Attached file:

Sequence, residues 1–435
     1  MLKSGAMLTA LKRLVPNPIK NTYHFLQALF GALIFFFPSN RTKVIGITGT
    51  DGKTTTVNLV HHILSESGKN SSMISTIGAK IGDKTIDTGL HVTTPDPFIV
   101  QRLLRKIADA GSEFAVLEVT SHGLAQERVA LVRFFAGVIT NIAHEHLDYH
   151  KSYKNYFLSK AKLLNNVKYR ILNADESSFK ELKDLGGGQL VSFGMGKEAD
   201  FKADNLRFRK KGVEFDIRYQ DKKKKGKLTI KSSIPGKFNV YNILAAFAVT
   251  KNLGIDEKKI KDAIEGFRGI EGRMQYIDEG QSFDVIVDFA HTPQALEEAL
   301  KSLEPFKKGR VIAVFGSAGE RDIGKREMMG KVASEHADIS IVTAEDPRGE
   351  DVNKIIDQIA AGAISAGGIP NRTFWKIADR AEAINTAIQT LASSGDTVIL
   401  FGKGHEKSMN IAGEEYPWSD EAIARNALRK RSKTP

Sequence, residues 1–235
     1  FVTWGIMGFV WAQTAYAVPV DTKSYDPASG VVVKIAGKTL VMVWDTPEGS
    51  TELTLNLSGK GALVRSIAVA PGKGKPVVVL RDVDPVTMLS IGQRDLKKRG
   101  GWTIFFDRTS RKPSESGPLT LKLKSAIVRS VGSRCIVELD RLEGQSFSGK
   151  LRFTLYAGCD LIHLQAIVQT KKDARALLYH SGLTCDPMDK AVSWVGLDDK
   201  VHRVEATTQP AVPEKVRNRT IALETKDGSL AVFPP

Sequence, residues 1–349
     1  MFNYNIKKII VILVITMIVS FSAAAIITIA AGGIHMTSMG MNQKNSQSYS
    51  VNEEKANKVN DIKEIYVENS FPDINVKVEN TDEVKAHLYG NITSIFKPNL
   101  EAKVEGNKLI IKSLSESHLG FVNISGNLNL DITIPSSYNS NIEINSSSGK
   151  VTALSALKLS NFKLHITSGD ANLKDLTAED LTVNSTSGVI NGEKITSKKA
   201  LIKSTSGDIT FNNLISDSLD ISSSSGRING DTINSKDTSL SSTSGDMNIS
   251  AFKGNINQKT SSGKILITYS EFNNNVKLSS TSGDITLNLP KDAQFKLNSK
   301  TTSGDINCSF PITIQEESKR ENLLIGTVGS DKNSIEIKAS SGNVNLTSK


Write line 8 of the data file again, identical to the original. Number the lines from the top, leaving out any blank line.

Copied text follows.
   301  KSLEPFKKGR VIAVFGSAGE RDIGKREMMG KVASEHADIS IVTAEDPRGE